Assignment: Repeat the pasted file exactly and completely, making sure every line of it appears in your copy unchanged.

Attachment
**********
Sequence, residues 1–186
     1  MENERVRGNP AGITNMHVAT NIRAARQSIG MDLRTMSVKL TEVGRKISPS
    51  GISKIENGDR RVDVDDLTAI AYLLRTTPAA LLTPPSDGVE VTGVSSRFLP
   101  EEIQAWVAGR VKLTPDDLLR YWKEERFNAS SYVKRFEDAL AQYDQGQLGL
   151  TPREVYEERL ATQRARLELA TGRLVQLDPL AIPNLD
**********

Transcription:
Sequence, residues 1–186
     1  MENERVRGNP AGITNMHVAT NIRAARQSIG MDLRTMSVKL TEVGRKISPS
    51  GISKIENGDR RVDVDDLTAI AYLLRTTPAA LLTPPSDGVE VTGVSSRFLP
   101  EEIQAWVAGR VKLTPDDLLR YWKEERFNAS SYVKRFEDAL AQYDQGQLGL
   151  TPREVYEERL ATQRARLELA TGRLVQLDPL AIPNLD